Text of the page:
Bay Area Housing Affordability and Trumpian Economics

Bay Area Housing Affordability: Not Much Relief Yet

We talk about updates in housing affordability across the Bay Area and my thoughts on how the election of Trump effects the housing market.

median-sales-price-bay-area

A lack of affordable homes continues to present one of the largest challenges to buyers in California, so it comes as welcome news that more residents — if only slightly more — can make the mortgage payments on the average Bay Area property.

The state’s housing-affordability situation is hovering near its all-time 2008 low, when only 29 percent of residents could qualify for a mortgage. That’s it – just 3 out of 10 of people. The average state household now needs to earn just over $100,000 to afford the median-priced $515,940 single-family home.

Nationwide, nearly 60 percent of U.S. households could afford to purchase the median-priced $240,900 home.

Affordability increased in seven of nine Bay Area counties in the most recently completed quarter. That said, improvements were minimal, ranging from 1 to 3 percentage points across the region. But does a 1 to 3 percent increase in affordability really make a difference in SF or Silicon Valley? It does not.

Solano and Contra Costa are the only Bay Area counties that rank as more affordable than the state-wide average, at a respective 45 and 35 percent. Contra Costa residents need to earn $116,000 to buy a home in 2016.

For the 16th consecutive quarter, the San Francisco-Redwood City metro area was the nation’s toughest for prospective homebuyers, with just 9.7 percent of residents able to afford a $1,100,000 home on the median annual income.

Households in this area need to earn in excess of $250,000 per year to afford monthly mortgage payments of about $6,300. Think about that….

Folks need to earn $250,000+ just to buy a home, and these markets were on fire for a few years. That’s a lot of households who earn big bucks (I really need to learn how to code!).

California’s other two million-dollar-plus housing markets — Marin and Santa Clara counties — had respective affordability ratings of 19 and 22 percent.

So, now that you know what it takes to buy a home, it’s time to go out double or triple your income!

Trumpian Economics

In an analysis of how the Trump administration might affect housing markets, Pacific Union Chief Economist Selma Hepp explained that a lack of new construction in California and the resulting affordability problems may actually pose the biggest threat to the state.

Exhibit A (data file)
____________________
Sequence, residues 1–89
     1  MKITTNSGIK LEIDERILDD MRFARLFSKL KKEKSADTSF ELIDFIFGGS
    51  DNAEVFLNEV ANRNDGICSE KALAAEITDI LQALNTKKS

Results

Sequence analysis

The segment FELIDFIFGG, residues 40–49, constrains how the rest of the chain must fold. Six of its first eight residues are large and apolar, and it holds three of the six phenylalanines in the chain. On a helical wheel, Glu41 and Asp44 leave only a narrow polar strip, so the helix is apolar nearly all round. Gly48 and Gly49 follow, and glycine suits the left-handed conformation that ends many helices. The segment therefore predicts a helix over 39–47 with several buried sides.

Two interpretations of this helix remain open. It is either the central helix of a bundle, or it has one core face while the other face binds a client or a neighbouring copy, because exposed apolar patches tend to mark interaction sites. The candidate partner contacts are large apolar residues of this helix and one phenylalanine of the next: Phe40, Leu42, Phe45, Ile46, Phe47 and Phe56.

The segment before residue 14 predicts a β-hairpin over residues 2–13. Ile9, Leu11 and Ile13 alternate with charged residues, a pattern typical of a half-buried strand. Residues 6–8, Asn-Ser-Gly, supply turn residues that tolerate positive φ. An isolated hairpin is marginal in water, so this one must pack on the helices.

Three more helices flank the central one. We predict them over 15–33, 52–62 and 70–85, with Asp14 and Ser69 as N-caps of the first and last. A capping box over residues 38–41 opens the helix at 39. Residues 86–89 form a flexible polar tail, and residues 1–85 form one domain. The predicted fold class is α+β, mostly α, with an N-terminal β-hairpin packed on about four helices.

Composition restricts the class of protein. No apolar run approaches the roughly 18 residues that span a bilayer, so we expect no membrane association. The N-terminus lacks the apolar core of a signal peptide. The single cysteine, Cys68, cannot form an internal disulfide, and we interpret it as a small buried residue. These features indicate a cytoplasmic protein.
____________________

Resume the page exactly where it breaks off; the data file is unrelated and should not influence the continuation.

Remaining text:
But I will also add in rising interest rates due to the election (check for yourself), and the Fed signaling rate increases in the near future.

Where Trump might help home-buyers is with bank deregulation. He campaigned on the notion that Washington’s ties to Wall St. were too close and that a President should not be a puppet of the banks. Darn that Crooked Hillary! Well, guess what? Wall St. is celebrating “the Dawn of the Trump Era.” Shocker.

Refill the Swamp? Former Goldman Sachs banker Steven Mnuchin has been seen at Trump Tower amid rumors that he’s the leading candidate for Treasury secretary. | AP Photo
Refill the Swamp? Former Goldman Sachs banker Steven Mnuchin has been seen at Trump Tower amid rumors that he’s the leading candidate for Treasury secretary. | AP Photo

Trump’s plan is to tear apart Dodd-Frank, the legislation that went into place after our entire country’s economy melted down in 2008. You may remember that the “houses for anyone with a pulse” policy was a key piece in destroying our economy. Dodd-Frank ensured that those who were granted credit could actually afford that credit. Nearly the whole U.S. population blamed banks for the Great Recession yet beneath it all was a deregulated financial industry from the Bush era that functioned like the Wild, Wild West.

Ask any real estate professional in 2016 if we’re in a bubble and they will tell you “No, because people who have bought homes in the last 5 to 7 years are people who can actually afford it.” Dodd-Frank does way more good than harm, and limits the risk of future housing market crashes. So, why would Trump want to kill Dodd-Frank? Well, I think you can connect the dots…

 

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